Charges could include conspiracy, theft of government property, or violating the Espionage Act, according to The Washington Post.
The US Justice Department is considering filing criminal charges against WikiLeaks and its founder, Julian Assange, in connection with the 2010 leak of diplomatic cables and military documents, The Washington Post reported Thursday.
The Justice Department is also looking at whether the group was responsible for releasing thousands of documents showing secret CIA hacking tools last month. Those documents could potentially reveal the agency's most important hacking techniques used to penetrate systems around the world.
Charges could include conspiracy, theft of government property, or violating the Espionage Act, according to the Post.
The Justice Department didn't immediately respond to a request for comment.
Over the past 11 years, the group claims to have released more than 10 million secret government documents through its website. The leaks range from a video showing an American Apache helicopter in the Iraq War shooting and killing two journalists to emails from the Democratic National Committee exposing alleged misconduct during the 2016 presidential campaign.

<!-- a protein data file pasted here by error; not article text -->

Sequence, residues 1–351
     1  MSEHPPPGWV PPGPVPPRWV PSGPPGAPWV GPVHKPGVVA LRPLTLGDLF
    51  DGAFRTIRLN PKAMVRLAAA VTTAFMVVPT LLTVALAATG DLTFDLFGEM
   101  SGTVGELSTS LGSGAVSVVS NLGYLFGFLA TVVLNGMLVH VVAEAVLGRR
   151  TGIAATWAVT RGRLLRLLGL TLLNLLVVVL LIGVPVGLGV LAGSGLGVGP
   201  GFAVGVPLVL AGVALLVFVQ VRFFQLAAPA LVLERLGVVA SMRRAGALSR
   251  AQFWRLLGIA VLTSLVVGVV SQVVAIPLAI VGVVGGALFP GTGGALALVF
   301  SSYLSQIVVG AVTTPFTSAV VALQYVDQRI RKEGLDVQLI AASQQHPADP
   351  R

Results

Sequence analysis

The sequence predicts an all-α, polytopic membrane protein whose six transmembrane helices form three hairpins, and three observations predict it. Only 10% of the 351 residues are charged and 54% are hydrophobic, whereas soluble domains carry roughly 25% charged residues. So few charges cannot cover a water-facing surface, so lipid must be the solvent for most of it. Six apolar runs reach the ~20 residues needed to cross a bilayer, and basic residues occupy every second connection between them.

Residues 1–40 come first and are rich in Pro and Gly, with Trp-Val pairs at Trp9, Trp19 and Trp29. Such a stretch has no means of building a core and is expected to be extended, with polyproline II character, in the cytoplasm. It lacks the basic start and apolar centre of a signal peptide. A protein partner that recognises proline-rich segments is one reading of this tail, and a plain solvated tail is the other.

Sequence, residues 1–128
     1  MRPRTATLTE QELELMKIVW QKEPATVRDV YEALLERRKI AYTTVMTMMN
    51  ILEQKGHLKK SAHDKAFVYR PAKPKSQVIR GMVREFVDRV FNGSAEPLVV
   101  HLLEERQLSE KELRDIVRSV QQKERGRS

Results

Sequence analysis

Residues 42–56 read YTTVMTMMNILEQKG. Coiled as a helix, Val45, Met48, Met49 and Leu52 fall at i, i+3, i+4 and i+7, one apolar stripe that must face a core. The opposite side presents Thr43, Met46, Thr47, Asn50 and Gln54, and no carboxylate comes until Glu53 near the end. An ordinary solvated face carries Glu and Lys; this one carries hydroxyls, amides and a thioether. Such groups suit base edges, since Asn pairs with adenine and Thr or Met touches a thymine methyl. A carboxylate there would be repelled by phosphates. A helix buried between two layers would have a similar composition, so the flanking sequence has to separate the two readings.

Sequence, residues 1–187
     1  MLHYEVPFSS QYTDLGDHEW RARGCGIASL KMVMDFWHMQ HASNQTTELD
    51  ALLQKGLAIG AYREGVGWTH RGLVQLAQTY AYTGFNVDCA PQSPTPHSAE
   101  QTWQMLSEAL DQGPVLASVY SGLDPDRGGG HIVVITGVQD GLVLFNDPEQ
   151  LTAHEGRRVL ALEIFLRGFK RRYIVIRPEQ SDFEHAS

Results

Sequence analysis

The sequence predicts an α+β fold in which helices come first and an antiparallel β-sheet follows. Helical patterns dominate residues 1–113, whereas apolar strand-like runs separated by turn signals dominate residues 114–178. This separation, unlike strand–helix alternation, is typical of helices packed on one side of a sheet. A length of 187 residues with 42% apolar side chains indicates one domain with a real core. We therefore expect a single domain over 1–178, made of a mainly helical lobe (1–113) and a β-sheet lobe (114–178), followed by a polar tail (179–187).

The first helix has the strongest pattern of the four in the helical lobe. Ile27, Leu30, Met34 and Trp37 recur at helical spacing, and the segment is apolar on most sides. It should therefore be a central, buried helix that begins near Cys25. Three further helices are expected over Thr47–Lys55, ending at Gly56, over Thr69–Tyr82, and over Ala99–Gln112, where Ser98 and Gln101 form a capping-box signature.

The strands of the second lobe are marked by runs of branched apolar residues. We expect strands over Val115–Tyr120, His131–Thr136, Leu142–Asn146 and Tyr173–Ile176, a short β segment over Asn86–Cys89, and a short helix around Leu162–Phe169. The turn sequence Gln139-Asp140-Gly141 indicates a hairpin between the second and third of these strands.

The Justice Department under former President Barack Obama declined to press charges for revealing the sensitive secrets, concluding that WikiLeaks was working in a capacity akin to journalism. But the case was never formally closed, and the Justice Department under President Donald Trump has signaled a willingness to take another look at the case.
The ACLU said such prosecution would inevitably represent a threat to the press.
"Never in the history of this country has a publisher been prosecuted for presenting truthful information to the public," Ben Wizner, director of the ACLU Speech, Privacy, and Technology Project, said in a statement. "Any prosecution of Wikileaks for publishing government secrets would set a dangerous precedent that the Trump administration would surely use to target other news organizations."
Prosecuting Assange could prove tricky, though. He's been living in asylum in the Ecuadorian embassy in London since 2012 after Swedish investigators issued a European arrest warrant for Assange that required British police to detain and extradite him. He's trying to avoid extradition to Sweden out of fear he'd then be extradited to the US to face questioning related to the classified material published on WikiLeaks.
Virtual reality 101: CNET tells you everything you need to know about what VR is and how it'll affect your life.
Tech Enabled: CNET chronicles tech's role in providing new kinds of accessibility.